Created 18 years ago by Pamela Barden - garden designer, plants woman and regular author of The Resident Magazine’s gardening articles and husband Graham.
Having retrained in garden design and horticulture, Pamela has been part of the team in four RHS Hampton Court Flower Show gardens including two gold medal winning and the RHS Back to Nature Garden which was co-designed by HRH The Duchess of Cambridge. She has designed many gardens throughout the village.
The garden is an ‘L’ shaped space separated into garden rooms with mature trees around the plot enforcing the woodland style within. The garden’s location in the village dictates the gentle slope on site, its sheltered conditions and free draining soil. Planted for year-round interest, containing many rare and unusual plants it also attracts an abundance of wildlife. A decked entertaining space, vegetable garden, children’s play area and greenhouses feature within the garden.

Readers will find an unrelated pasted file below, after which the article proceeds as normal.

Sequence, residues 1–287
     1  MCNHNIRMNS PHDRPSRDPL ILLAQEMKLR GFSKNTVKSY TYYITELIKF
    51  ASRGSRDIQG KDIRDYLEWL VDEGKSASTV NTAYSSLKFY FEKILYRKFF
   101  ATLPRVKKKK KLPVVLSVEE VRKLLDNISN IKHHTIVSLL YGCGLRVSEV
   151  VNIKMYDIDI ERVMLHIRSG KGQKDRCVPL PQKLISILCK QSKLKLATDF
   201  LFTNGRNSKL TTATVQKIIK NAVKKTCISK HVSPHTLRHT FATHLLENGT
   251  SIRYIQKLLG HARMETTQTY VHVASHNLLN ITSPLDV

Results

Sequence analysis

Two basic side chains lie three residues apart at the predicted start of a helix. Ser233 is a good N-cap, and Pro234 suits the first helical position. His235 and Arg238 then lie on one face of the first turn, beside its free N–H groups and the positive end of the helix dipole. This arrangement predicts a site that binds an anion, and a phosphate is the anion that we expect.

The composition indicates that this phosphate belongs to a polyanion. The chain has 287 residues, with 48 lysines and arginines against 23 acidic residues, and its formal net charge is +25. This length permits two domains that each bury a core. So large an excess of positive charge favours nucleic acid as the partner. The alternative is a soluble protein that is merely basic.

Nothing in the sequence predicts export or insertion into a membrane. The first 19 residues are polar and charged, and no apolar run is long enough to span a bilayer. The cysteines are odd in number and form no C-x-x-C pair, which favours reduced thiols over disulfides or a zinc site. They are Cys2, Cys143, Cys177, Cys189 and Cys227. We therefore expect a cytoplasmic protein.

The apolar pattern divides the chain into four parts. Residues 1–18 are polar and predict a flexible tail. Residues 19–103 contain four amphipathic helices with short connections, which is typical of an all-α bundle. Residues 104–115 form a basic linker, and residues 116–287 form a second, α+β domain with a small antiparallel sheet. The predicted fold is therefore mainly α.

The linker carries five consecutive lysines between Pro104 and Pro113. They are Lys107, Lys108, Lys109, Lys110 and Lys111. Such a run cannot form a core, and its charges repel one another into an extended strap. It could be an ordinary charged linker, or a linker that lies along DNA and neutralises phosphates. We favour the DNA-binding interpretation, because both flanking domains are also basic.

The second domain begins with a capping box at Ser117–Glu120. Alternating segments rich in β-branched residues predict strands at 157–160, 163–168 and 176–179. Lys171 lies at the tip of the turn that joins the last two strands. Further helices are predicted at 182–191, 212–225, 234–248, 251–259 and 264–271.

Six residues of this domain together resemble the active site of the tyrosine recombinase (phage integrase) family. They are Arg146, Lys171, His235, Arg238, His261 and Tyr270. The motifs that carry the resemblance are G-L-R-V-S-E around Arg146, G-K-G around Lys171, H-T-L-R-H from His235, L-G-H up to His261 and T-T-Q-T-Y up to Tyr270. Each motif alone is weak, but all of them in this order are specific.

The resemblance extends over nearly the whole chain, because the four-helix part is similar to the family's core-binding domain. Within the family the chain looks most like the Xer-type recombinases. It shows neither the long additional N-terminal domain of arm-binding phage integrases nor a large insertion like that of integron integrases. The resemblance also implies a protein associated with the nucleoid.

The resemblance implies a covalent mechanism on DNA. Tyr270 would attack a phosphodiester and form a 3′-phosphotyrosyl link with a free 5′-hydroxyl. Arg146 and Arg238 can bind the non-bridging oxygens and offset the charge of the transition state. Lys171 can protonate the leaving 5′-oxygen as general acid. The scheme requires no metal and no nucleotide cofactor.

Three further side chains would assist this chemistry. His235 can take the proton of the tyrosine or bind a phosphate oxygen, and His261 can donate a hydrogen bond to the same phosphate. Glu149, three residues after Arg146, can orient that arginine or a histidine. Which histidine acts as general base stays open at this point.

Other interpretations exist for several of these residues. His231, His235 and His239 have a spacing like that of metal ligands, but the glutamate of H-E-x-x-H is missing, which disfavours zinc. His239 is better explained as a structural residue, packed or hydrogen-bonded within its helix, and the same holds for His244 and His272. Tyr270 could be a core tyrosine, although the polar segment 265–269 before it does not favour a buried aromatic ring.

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This family garden includes an organic veg patch, cut-flower beds, wildlife pond, bee friendly borders and a big dollop of DIY. The owners use the space to host seasonal supper clubs with local chefs and eco-friendly workshops with gardening experts so that the local community can learn and be encouraged to garden in a sustainable way. A work in progress, many features of the garden are new this year. You can follow the progress of the garden on Instagram or Facebook @sprout.surrey’.



Over the fence